Wednesday, October 20, 2004

Congratulations to our pal Franco Alemán from Barcepundit (just click on Barcepundit over there on the left, then click for Barcepundit in English) for being Instapundited. Franco has the link to the just-released film from a security camera of the March 11 bombing at Atocha Station in Madrid. I haven't seen it, but from what I read in La Vanguardia what struck me was that when the bombs went off everybody panicked. That strikes me as much more like normal human behavior than what we see in the movies.

I'm not sure what the effect of this film of the bombing will have; I hope it brings back a little of the anger toward terrorism that seemed to disappear right after the March 14 election. Kicking out Aznar and the PP seemed like a catharsis--oh, now we've voted in the nice peaceful candidate and he's pulling our troops out of Iraq, the rest of us have nothing to worry about, what happened to them won't happen to us. You'd hardly believe that 191 people had been murdered en masse on their way to work only seven months ago from the way it's been whitewashed from the collective public mind.

While Zap and his Ministry of Clowns keep themselves amused, the Spanish intelligence and police services are doing their jobs very well and deserve our congratulations. Last weekend there was a major ETA bust that took down a lot of what was left of the gang's infrastructure, not to mention an enormous arsenal. Now there's been a bust, this Monday, of eight Islamists who were planning to set off a 1000-kilo suicide truck bomb to blow the Audiencia Nacional and Judge Garzón to hell and gone. The arrestees are all Algerians and Moroccans, and they seem to have met up in jail where they were doing time for minor common crimes. The leader, Mohamed Achraf, is allegedly a member of the Algerian Armed Islamic Group; that´s their connection to international terrorism. These guys just arrested were quite possibly a lone group, with no connections to the outside except Achraf, who was constantly traveling back and forth from Switzerland. They are not connected with the March 11 bombing crew or ETA.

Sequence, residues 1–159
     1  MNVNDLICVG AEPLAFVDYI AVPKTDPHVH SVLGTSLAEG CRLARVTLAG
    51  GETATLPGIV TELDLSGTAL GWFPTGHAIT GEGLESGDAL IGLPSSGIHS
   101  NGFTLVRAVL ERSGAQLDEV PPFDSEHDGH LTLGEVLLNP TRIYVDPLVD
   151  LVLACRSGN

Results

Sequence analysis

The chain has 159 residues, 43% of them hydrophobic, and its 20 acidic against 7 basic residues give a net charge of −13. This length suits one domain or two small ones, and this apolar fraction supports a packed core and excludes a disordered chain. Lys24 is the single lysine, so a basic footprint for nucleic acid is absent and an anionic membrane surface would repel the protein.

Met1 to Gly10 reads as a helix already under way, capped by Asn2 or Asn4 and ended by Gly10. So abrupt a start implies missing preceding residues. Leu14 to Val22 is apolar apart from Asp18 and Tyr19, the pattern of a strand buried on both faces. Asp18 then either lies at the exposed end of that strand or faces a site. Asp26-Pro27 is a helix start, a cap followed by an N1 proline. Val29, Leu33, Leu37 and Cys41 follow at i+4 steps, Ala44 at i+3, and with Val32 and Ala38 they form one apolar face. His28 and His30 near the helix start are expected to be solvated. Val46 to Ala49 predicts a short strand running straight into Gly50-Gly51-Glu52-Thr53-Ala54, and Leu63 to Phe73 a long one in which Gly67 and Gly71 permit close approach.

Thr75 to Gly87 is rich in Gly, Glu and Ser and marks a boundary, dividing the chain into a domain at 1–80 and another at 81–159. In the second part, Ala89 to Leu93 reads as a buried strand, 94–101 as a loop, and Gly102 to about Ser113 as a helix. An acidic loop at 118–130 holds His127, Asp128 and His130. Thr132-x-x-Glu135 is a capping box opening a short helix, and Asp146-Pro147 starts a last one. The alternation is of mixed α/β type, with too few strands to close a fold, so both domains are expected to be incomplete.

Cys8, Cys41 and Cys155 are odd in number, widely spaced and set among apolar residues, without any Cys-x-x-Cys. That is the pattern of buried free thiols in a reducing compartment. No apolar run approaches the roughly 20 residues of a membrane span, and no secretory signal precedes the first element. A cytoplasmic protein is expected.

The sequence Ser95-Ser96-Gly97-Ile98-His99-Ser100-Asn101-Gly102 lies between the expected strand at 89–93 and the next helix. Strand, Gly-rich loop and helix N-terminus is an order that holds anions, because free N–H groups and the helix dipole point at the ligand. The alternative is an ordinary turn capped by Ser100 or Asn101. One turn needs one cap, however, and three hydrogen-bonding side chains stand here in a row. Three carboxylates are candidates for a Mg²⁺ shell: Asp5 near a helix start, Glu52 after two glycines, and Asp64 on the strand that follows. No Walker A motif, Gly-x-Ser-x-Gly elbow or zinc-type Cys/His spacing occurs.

Two ironic bits: the Spanish media has sided with Fidel Castro over this deportation of the Spanish Member of Parliament from Cuba. They pretty much all agree that the guy's trip to Cuba to meet with dissidents was a provocation and an attempt to stir up trouble at the same time that the European Union is debating the relaxation of its strictures against Cuba. See, it's all a conspiracy run by these right-wing nuts who don't believe in the Revolution. Meanwhile, Pasqual Maragall and the leader of the opposition, Artur Mas, went to China. Quite logically, they portrayed Catalonia as a Chinese springboard into the Spanish market as a whole rather than as a destination in itself.

Some folks would say that's an example of typical Catalan common-sense seny (be the salesman, get the investment) beating out the Catalan wilder side, known as rauxa (get all proud about how special we are). I think Robert Hughes made up this theory.